Ugh! Stop the madness!

The key to buying a carton of eggs and peace of mind is knowing how mass-produced eggs are handled and labeled and exactly what those egg carton codes mean.

A Guide to Cold-Hardy Chicken Breeds

What makes a cold-hardy chicken breed and why should you care? If you're currently living in an area that has cold winters, then cold-hardy chicken breeds are a must because of their ability to withstand the frigid temperatures.

Every year there are stories of folks that bought the wrong breed for their climate and experience losses, have unhealthy chickens, or end up bringing their birds inside where the climate is more moderate. Don’t let this happen to you! Make sure to pick a breed that will live comfortably in your climate and thrive. Your birds will thank you for it!

If you're currently living in an area that has cold winters, then cold-hardy chicken breeds are a must because of their ability to withstand the frigid temperatures.
A Buff Brahma hen.

Tips to Help Your Chickens Get Outside in Winter & Snow

Can chickens go outside in winter? Yes! The truth is, they like to get outside and explore in pretty much any weather and it’s always good for them to get some fresh air.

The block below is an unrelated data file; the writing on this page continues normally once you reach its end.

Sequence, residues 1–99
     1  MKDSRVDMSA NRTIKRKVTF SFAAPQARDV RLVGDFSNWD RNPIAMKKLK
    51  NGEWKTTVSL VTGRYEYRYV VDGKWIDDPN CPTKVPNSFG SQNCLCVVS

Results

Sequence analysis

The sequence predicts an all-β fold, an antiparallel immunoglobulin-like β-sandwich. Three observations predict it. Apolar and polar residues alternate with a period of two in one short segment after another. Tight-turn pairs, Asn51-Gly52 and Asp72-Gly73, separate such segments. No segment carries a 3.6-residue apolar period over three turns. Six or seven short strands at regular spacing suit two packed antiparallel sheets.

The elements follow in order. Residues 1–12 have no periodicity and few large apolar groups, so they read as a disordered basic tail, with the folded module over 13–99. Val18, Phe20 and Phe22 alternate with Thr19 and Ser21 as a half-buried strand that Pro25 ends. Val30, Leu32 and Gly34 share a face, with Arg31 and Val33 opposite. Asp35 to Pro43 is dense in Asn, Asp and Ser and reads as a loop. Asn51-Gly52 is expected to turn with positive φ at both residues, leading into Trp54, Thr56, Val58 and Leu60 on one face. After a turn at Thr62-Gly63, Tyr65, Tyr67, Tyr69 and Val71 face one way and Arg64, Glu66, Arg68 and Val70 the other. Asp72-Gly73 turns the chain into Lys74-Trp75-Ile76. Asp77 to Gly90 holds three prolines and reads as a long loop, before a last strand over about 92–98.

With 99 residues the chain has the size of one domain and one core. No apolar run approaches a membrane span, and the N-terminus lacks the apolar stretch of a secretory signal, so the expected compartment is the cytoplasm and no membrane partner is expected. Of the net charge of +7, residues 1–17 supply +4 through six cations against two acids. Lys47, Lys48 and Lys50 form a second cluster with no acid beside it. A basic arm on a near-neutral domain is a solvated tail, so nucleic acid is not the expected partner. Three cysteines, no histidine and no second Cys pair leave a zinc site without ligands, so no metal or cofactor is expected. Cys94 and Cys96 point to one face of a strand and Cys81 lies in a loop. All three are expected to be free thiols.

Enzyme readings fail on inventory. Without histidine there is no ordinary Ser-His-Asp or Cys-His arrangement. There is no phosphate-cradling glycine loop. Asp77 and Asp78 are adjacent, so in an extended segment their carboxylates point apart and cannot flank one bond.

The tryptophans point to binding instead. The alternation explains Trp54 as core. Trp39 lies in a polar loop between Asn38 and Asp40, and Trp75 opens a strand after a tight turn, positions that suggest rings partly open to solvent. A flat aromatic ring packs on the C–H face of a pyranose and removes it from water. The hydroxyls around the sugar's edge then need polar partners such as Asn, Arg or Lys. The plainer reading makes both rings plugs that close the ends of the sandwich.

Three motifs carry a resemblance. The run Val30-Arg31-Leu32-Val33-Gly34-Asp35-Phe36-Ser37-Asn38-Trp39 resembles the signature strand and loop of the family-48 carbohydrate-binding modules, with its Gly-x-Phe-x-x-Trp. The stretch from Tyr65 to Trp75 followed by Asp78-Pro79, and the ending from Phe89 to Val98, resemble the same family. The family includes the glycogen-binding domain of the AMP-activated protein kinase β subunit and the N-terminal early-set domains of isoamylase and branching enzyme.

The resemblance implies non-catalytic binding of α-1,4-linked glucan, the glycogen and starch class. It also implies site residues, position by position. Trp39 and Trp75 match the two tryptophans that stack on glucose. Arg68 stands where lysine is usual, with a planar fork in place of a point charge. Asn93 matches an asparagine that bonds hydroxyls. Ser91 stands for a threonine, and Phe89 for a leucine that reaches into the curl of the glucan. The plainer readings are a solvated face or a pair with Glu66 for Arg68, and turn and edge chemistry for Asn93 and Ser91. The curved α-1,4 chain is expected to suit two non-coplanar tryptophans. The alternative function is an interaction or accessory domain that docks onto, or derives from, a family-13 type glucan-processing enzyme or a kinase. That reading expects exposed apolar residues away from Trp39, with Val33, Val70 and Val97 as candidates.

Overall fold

It’s important to understand that chickens are equipped to handle cold weather. In fact, it can be easier for them to withstand cold weather than hot weather. As you know, backyard chickens have lots of feathers and they’re there for a reason. Underneath their outer feathers, chickens have a downy layer of soft feathers. When it’s cold, they fluff those feathers to trap warm air underneath and they’re able to stay cozy.

Can chickens go outside in winter? Yes! The truth is, they like to get outside and explore in pretty much any weather and it’s always good for them to get some fresh air.

How to Get Started Winter Bird Feeding

What Both You and the Birds Will Need


Feeding the birds in winter is a fun way to stay connected with nature, participate in some citizen science studies and maybe learn a thing or two. Winter is naturally a time when we spend more time indoors, but that doesn't mean we have to leave nature behind.

Find out how to get started winter bird feeding - what you'll need to feed the birds and what you'll need to see and identify them.
A white-throated sparrow.

How to Keep Hawks Away from Chickens

Top 5 Ways to Thwart Aerial Chicken Predators


Have you been experiencing a problem with flying predators like hawks and owls? This can be heartbreaking and frustrating and can make you feel helpless, but you're not. There are ways to help keep hawks away from backyard chickens.

On a personal note, this subject is near and dear to my heart. I have experienced one confirmed loss and a couple of close calls with hawks harassing my backyard chickens. Winter chicken keeping in my backyard is also high season for hawk attacks.

You can help keep hawks away from backyard chickens with these five simple steps.